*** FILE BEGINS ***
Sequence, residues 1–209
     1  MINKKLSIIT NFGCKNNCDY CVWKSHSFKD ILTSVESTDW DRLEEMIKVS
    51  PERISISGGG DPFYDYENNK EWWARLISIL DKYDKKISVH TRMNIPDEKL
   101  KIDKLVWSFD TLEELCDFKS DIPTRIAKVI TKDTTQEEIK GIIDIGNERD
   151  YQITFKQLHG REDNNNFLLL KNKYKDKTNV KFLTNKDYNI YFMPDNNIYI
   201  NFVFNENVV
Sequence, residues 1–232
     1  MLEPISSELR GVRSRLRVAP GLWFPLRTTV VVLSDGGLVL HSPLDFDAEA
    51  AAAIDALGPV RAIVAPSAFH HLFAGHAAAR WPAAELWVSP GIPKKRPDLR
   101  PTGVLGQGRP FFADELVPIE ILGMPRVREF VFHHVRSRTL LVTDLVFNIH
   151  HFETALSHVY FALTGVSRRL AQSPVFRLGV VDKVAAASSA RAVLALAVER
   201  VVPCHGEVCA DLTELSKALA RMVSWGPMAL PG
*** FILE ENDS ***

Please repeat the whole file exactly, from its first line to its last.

Sequence, residues 1–209
     1  MINKKLSIIT NFGCKNNCDY CVWKSHSFKD ILTSVESTDW DRLEEMIKVS
    51  PERISISGGG DPFYDYENNK EWWARLISIL DKYDKKISVH TRMNIPDEKL
   101  KIDKLVWSFD TLEELCDFKS DIPTRIAKVI TKDTTQEEIK GIIDIGNERD
   151  YQITFKQLHG REDNNNFLLL KNKYKDKTNV KFLTNKDYNI YFMPDNNIYI
   201  NFVFNENVV
Sequence, residues 1–232
     1  MLEPISSELR GVRSRLRVAP GLWFPLRTTV VVLSDGGLVL HSPLDFDAEA
    51  AAAIDALGPV RAIVAPSAFH HLFAGHAAAR WPAAELWVSP GIPKKRPDLR
   101  PTGVLGQGRP FFADELVPIE ILGMPRVREF VFHHVRSRTL LVTDLVFNIH
   151  HFETALSHVY FALTGVSRRL AQSPVFRLGV VDKVAAASSA RAVLALAVER
   201  VVPCHGEVCA DLTELSKALA RMVSWGPMAL PG